Grasshopper

algorithmic modeling for Rhino

# Help Please: Irregular Space Frame

Hey GH community. I am really hoping someone will be kind enough to help me. I am trying to make a horizontal space frame within the polyline in the file below.

It is straight lined however is no entirely rectangular, more of an "L" shape with voids.

I have been pretty much spent the day googling the different methods of doing this in GH.

And they all seem to be about making a purely rectangular frame. But I cant help but think their must be a way to make it conform to a boundary. Sorry I am very new to grasshopper and any help will be much appreciated before I go a head and do this manually.

I look forward to the day when I am good enough to help others until then.

Thank you very much.

GB

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### Replies to This Discussion

So this polyline (these polylines to be exact) is supposed to be the base curve for the space-frame? How is the space-frame supposed to look?

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David Rutten

david@mcneel.com

Tirol, Austria

David, Thanks for the quick reply.

Yes that is meant to be the base curve, and sorry yes polylines.

Essentially it is suppose to be a simple space frame, with each modules dimension being a 2m x 2m x 2m grid, that wraps around that solid mass.

something like this is what I am aiming for in that shape.

The main issue I am facing is angles and voids.

What does "Wrap around" mean? Does the space-frame bend and twist and stretch to accommodate the angles and variable distances of the base curve? Should the space frame overlap the base curves or be strictly on the inside?

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David Rutten

david@mcneel.com

Tirol, Austria

Hopefully the image clears things up. The orange would be solid, and the grey is the space frame.

Thanks again.

Something like this?

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David Rutten

david@mcneel.com

Tirol, Austria

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And this one also creates lines at the bottom.

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David Rutten

david@mcneel.com

Tirol, Austria

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Amazing, thank you. The second one is pretty much it.

If you wouldn't mind explaining how you go to this resolution, as I try to mimic this I get several errors. Thank you again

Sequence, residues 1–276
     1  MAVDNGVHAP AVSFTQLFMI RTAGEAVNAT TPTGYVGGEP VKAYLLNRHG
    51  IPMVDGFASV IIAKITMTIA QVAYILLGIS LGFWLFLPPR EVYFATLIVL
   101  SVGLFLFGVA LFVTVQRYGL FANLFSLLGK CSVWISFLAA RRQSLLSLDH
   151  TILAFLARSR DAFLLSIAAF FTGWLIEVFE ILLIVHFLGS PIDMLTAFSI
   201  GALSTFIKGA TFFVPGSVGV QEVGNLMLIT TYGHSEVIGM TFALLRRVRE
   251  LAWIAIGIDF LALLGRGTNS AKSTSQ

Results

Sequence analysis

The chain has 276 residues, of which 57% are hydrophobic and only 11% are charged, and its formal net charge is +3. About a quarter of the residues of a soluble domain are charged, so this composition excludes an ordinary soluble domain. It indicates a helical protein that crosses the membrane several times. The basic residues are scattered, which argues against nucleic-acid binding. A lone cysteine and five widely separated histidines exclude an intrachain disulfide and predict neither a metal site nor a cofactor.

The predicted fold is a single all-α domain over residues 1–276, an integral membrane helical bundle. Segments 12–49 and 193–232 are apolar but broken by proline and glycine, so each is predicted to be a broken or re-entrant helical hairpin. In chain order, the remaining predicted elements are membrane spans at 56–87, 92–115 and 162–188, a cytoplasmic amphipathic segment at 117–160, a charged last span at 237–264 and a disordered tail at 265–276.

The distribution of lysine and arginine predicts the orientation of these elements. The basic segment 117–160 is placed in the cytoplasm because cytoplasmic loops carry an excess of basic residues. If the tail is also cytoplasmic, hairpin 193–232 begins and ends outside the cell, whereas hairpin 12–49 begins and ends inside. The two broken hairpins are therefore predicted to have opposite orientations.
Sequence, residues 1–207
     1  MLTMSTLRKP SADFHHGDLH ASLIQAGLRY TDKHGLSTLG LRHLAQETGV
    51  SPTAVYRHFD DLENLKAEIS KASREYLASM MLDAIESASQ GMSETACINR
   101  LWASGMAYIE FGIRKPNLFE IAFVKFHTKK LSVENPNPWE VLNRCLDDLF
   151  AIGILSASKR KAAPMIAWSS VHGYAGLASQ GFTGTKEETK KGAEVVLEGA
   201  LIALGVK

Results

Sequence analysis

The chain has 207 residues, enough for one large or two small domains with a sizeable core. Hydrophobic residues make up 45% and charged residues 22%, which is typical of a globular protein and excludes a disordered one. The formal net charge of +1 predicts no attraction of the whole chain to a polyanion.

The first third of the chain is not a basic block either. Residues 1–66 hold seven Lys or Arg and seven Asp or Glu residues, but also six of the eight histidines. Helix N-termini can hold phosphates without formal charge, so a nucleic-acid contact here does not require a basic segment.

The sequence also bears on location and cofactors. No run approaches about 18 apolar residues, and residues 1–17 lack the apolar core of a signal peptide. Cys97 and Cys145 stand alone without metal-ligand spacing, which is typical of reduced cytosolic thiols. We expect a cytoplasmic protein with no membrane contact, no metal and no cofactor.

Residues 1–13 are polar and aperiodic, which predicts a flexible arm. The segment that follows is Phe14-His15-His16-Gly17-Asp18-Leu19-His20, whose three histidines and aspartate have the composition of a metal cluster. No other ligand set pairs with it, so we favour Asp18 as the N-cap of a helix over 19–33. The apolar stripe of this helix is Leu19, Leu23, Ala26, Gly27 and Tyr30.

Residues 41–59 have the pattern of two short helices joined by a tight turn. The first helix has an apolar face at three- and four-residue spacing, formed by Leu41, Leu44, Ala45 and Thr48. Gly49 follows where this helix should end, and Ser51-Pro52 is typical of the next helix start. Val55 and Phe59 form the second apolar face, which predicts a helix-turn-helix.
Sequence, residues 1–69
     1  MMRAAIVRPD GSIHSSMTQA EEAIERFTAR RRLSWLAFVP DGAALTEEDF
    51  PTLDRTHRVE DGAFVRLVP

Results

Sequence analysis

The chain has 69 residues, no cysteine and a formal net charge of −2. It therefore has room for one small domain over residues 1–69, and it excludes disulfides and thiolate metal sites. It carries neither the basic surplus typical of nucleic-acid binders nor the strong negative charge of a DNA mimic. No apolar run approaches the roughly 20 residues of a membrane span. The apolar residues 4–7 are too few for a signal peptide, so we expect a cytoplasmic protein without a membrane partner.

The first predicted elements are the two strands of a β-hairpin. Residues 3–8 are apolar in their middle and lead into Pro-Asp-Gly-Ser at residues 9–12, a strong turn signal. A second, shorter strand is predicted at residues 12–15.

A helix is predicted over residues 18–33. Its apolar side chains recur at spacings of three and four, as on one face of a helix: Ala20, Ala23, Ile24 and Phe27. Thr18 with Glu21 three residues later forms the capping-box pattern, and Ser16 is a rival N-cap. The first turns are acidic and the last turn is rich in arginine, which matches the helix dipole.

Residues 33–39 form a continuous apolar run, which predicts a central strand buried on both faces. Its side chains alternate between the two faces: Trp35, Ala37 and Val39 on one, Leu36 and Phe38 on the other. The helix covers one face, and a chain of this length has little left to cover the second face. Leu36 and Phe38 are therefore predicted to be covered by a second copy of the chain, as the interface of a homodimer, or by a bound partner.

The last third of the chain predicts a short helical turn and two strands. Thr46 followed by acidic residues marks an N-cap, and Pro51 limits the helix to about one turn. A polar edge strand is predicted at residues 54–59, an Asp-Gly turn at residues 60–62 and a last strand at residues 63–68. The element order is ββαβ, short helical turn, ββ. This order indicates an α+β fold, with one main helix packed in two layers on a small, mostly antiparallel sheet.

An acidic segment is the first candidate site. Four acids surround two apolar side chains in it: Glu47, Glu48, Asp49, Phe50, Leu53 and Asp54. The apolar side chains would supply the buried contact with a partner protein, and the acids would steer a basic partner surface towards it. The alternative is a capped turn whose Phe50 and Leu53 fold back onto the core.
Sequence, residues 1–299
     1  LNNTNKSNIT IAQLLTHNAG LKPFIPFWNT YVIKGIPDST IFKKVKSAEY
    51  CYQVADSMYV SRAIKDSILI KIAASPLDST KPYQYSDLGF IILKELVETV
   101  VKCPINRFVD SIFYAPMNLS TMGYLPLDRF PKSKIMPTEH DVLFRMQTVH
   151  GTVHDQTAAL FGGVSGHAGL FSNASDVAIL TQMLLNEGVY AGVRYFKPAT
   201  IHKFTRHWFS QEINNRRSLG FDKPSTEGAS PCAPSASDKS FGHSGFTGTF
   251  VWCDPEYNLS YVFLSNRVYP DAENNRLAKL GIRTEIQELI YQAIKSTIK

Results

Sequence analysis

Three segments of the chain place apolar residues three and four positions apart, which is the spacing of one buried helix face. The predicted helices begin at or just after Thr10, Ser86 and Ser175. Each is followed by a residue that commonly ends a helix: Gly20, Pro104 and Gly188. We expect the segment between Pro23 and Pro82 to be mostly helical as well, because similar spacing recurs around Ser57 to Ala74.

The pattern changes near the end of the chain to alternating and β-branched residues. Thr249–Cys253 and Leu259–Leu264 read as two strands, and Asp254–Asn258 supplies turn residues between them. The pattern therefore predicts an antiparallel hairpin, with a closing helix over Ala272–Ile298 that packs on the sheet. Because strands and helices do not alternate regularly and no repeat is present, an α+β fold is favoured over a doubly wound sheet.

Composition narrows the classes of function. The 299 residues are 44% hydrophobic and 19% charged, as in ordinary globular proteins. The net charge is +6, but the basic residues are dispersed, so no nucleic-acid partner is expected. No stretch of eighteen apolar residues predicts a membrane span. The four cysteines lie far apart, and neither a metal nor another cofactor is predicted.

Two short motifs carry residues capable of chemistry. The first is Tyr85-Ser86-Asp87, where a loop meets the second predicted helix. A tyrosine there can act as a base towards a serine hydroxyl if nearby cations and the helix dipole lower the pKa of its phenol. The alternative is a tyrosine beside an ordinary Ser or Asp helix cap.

I did post the file, but the basic logic is thus:

1. Create a grid that comfortably extends beyond all edges of the surface.
2. For each cell in this grid, determine whether it is worth keeping. There are several ways to define 'worth keeping' of course, in my file I tested whether the grid cell centre point was on the surface. I tested this by projecting this center point onto the surface and seeing whether the projection distance was very small or not. If it's very small, the point was on the surface to begin with.
3. Other possible metrics would be to see if all four corner points are on the surface, or if at least one corner point is on the surface, or.....
4. Once you know which cells are worth keeping, cull both the cell data and the centre point data. This may give you some empty lists, which is why I cleaned both data streams as well, that is not perhaps necessary, it depends on how the remainder of the file handles the data layout.
5. I find the 4 corners of each cell with [Curve Discontinuity]. I could also have used [Curve Control Points] but that would have given me 5 points per square as the first and last are repeated since the cell polylines are closed.
6. Then lower the centre point and connect it with the 4 corners, this gives you the downwards pointing diagonal edges.
7. The last step is a bit of hack but unfortunately it is very difficult to do it right at the moment. I used the [Proximity 3D] component to find all neighbours within 2.1 units of each lowered centre point. The distance limit means it will only find the correct neighbours, but note I hardcoded the distance limit rather than make it depend on the grid-size, which would have been more flexible.

Because the last step uses a single shot algorithm you end up with duplicate lines at the bottom lattice and also the order of lines is useless.

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David Rutten

david@mcneel.com

Tirol, Austria